Celebrate Aboriginal Day this weekend

SEVERAL NEW highlights have been added to the Aboriginal Day celebrations here set for this weekend.

CARMEN HENRY

SEVERAL NEW highlights have been added to the Aboriginal Day celebrations here set for this weekend.

Set to open with a traditional ceremony, this Saturday is packed with events and activities for everyone.

The theme “Empowering our Future” refers to showcasing the talents of people in the community, including the performers, role models and, for the first year, the graduation ceremony of the Head Start programs.

The Head Start children from Kitsumkalum, Kitselas and the Kermode Head Start programs will graduate up to kindergarten, says Carmen Henry, chairperson of the organizing committee for Aboriginal Days.

The children will be escorted by the Suwilaawks Community School drum group.

This year’s celebration will feature more entertainment as more bands, soloists and dancers will perform than last year.

Dance groups are coming from Kitimat and Prince Rupert as well as around the Terrace area.

The dancers start out with the Xbi’Shuundts Dance Group, named for an elder held in high esteem, who are part of the opening ceremony.

The traditional ceremony to open the day’s events will include the formality of acknowledging with respect that the events will take place on Tsimshian First Nation territory, and asking permission to use the land for the day, says  Henry.

A ceremonial piece is handed from the Xbi’Shuundts Dance Group to Kermode Friendship Society as a symbolic gesture that gives Kermode the blessings to hold the event for the day, she explains.

At the end of the day, the ceremonial piece is handed back.

In the afternoon, the Origin Story will be told of how the four crests came to be.

Each crest – eagle, raven, wolf and killer whale – is associated with a different race and the story tells about which gifts each one contributes.

As the story is told, children get to pass around a globe and sing and dance.

For the second year, the Kermode prince and princess will be crowned with last year’s prince and princess passing their crowns to those chosen for the next year.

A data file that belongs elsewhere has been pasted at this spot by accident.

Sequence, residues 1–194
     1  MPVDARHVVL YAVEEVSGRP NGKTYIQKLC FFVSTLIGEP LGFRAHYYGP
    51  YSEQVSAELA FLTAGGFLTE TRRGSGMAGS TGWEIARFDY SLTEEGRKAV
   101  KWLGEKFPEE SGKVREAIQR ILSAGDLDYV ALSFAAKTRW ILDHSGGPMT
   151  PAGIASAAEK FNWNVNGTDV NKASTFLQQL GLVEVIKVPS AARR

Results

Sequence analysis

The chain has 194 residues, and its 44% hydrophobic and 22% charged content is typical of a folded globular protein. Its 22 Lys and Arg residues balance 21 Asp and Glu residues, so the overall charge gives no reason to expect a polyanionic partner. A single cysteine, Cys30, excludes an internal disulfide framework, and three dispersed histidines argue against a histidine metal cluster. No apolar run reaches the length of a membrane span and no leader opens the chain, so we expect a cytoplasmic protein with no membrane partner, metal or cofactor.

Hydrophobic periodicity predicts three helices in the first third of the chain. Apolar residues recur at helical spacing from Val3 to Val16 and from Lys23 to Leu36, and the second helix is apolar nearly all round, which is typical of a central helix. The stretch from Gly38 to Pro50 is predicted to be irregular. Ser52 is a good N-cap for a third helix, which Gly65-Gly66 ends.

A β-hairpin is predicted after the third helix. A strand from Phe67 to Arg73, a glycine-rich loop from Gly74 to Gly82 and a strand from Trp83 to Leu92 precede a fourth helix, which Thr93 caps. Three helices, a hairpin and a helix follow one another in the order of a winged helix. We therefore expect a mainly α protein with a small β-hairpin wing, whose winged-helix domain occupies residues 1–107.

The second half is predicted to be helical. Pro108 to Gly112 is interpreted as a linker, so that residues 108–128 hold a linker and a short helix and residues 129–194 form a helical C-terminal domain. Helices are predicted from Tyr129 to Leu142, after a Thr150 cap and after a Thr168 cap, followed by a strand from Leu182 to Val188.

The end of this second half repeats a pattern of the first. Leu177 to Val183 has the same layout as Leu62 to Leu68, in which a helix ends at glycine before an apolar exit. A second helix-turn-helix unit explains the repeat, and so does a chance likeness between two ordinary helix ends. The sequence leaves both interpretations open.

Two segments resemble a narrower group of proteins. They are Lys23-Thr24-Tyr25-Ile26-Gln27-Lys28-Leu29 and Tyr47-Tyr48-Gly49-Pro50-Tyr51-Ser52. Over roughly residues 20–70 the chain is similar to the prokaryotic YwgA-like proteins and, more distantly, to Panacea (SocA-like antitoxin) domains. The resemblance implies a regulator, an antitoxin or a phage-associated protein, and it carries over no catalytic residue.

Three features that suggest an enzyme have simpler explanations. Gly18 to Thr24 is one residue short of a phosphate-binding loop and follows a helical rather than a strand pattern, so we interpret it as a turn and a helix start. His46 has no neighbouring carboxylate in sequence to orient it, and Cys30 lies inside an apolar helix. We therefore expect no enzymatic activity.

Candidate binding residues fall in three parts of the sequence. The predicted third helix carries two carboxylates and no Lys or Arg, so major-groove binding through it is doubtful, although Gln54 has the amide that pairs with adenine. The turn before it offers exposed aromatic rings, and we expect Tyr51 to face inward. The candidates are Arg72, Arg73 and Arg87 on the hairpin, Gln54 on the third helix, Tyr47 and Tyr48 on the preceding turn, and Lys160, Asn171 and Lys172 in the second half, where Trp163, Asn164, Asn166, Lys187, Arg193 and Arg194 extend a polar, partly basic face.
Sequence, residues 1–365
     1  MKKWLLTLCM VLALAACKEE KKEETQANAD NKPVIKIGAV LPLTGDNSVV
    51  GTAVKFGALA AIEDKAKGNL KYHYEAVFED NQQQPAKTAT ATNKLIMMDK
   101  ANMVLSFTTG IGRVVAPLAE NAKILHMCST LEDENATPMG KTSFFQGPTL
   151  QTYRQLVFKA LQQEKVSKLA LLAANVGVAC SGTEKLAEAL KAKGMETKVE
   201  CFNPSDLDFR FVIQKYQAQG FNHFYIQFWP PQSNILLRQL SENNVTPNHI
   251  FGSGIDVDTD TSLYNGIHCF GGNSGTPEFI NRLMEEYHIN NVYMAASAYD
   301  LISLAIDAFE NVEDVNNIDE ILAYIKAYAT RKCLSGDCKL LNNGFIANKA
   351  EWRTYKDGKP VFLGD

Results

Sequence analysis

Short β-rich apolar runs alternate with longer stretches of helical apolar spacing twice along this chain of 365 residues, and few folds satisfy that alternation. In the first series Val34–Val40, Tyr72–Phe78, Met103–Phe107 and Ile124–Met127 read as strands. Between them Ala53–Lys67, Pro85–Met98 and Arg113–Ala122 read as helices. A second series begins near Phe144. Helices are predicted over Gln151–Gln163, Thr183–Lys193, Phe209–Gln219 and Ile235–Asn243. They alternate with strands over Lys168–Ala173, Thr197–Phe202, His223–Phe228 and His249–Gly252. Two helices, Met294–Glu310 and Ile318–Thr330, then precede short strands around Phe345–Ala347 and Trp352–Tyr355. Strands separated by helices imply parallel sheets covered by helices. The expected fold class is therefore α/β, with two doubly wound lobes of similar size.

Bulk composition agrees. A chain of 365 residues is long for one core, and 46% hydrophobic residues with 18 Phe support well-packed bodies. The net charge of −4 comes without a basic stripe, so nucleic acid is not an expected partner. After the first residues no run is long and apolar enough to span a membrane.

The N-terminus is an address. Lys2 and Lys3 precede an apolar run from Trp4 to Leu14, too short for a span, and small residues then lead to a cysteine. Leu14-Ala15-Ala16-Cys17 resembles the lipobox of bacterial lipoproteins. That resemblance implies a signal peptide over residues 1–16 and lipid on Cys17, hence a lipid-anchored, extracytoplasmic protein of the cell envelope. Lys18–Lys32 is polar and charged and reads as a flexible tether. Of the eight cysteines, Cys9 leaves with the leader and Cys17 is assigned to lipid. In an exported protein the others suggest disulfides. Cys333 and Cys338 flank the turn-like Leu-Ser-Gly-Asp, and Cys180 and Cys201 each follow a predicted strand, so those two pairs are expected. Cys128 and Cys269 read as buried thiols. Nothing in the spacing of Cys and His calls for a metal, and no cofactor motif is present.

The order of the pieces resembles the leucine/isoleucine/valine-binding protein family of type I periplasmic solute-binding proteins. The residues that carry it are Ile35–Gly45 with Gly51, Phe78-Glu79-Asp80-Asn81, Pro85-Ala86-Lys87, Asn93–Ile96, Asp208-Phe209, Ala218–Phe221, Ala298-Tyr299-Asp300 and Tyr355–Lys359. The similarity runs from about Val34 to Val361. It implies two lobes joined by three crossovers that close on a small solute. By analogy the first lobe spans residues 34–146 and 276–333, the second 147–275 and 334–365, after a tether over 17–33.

The prince and princess will be featured in the Riverboat Days parade and at special events as role models throughout the next year, says Henry.

Kody Kermode will be out and about this year again and may even dance with the performing groups again.

One thing that hopefully will happen is that powwow dancers will show up as invitations have gone out, says Henry.

“If any show up, we would love to throw them up on stage,” she says.

Henry says it’s her third year on the committee to organize the festivities and there are more people who want to participate in the day’s celebration than ever before.

So many in fact, that times for each band and other performances had to be set to the exactly minute so everyone could be fit in.

The 10-member committee put a lot of hard work into organizing the events, including spending one whole day on just sorting out the agenda, she says.

In addition to all the events, there will be traditional foods, food vendors, craft vendors, information booths, family fun activities, a children’s jump castle, face painting and free entertainment.

Several bands will play to wrap up the day’s activities from about 5:30 p.m. onward to the closing, which is later this year.

Park hours have been extended so the day’s celebration will carry on until the 9 p.m. closing, says Henry.

Anyone who wants to volunteer or any vendors that want to be there for the day are welcome to  call Kermode Friendship Society to show their interest right up to the Aboriginal Day celebration.

Everyone is welcome to come celebrate the day.

All events are free at the park, people will just need money to buy food from the vendors on-site.

Aboriginal Day celebrations take place this Saturday, June 25 in George Little Park starting at 8 a.m. with the display and vendor setup and the opening ceremony at 10 a.m.

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